Understanding how workflows and methods are designed is key to understanding how they work. This is especially in line with the need to make ML workflows more explainable. Understanding how the ML algorithms work will reduce the black-box phenomenon wrapped around them, and help build more sophisticated algorithms, especially in areas where the traditional ML methods fail to achieve the desired objectives.

Given the theoretical assumptions on which the EML methods are based, there is the need for data science practitioners and enthusiasts to work closely with domain experts. The latter would help to inject a sufficient dose of physical realities to make more sense of the assumptions. It is not just enough to build powerful algorithms. The fundamental principles governing geological, geophysical, and petroleum engineering processes need to be properly considered.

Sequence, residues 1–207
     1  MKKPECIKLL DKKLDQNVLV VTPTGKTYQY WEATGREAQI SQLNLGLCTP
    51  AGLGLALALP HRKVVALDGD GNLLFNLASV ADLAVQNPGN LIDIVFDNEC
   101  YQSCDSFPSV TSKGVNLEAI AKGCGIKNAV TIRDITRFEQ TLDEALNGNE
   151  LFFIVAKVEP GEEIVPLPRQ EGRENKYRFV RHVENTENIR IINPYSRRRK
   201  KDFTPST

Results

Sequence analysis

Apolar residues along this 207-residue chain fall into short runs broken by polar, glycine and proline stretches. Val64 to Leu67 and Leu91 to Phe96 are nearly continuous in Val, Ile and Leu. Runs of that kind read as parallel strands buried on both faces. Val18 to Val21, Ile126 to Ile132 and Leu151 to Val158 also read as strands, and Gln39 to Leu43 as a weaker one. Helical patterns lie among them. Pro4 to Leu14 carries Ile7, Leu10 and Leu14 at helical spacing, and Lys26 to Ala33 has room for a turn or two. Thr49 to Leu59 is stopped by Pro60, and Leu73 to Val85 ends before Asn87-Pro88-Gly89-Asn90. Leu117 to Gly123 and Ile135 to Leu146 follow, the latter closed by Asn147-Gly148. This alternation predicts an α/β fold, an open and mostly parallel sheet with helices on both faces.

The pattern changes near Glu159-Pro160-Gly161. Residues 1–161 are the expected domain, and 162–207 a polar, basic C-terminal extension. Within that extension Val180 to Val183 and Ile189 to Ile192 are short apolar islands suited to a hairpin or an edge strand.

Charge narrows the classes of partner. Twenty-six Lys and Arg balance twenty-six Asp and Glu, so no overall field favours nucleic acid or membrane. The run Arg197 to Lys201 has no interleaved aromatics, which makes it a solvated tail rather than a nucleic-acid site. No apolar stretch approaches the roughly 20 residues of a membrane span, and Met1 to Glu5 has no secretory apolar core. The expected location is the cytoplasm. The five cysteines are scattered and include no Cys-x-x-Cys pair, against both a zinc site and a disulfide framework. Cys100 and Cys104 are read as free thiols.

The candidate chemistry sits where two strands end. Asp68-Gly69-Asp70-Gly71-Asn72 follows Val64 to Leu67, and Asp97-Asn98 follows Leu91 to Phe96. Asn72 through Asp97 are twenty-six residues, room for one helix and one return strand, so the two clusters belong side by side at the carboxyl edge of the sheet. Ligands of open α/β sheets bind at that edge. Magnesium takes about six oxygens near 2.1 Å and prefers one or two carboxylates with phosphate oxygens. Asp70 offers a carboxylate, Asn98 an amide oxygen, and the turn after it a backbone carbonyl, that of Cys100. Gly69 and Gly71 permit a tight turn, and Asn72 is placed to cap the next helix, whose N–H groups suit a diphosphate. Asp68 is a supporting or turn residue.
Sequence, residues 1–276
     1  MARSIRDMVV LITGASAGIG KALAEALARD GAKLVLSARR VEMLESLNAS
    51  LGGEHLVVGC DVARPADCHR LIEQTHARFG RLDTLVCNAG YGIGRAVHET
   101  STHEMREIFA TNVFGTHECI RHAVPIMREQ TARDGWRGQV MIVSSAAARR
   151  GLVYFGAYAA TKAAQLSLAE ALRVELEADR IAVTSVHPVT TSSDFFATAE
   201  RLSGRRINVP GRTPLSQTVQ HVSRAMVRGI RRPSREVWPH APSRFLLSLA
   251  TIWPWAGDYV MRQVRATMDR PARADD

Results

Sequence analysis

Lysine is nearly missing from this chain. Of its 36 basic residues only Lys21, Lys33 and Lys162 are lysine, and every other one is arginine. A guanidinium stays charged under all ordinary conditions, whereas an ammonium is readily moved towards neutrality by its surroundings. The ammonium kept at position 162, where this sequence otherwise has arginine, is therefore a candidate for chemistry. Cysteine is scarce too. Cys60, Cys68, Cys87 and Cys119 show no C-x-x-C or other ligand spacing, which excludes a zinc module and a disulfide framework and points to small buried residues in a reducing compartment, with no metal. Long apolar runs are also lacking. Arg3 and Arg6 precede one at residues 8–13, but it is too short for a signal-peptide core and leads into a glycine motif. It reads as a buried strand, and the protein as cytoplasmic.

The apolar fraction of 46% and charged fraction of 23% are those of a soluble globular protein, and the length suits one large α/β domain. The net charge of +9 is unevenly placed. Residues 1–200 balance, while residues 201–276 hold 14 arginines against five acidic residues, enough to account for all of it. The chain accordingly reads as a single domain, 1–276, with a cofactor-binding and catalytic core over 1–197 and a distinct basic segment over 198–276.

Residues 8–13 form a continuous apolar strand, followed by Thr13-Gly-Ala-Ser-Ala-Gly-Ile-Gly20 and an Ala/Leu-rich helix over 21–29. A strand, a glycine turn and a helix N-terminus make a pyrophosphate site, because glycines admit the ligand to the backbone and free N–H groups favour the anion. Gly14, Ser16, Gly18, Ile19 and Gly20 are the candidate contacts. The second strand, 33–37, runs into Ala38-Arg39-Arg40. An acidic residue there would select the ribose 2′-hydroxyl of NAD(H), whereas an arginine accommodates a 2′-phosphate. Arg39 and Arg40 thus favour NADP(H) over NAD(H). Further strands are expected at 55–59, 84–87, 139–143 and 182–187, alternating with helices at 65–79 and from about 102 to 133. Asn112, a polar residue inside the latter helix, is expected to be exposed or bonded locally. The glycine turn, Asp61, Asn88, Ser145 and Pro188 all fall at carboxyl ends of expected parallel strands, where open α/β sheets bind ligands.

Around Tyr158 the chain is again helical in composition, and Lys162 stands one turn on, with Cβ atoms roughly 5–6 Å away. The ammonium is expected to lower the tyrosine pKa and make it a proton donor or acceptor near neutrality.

Suggested Further Reading

Anifowose, F.A., Ensemble Machine Learning: The Latest Development in Computational Intelligence for Petroleum Reservoir Characterization, Paper 168111-MS presented at the SPE Saudi Arabia Section Annual Technical Symposium and Exhibition, Dhahran, Saudi Arabia, 19–22 May 2013.

Anifowose, F., Labadin, J., and Abdulraheem, A., Ensemble Machine Learning: An Untapped Modeling Paradigm for Petroleum Reservoir Characterization, Journal of Petroleum Science and Engineering, Volume 151, March 2017, Pages 480–487.


Anifowose, F.A., Artificial Intelligence Explained for Non-Computer Scientists, The Way Ahead.

Anifowose, F.A., Hybrid Machine Learning Explained in Nontechnical Terms, Data Science and Digital Engineering.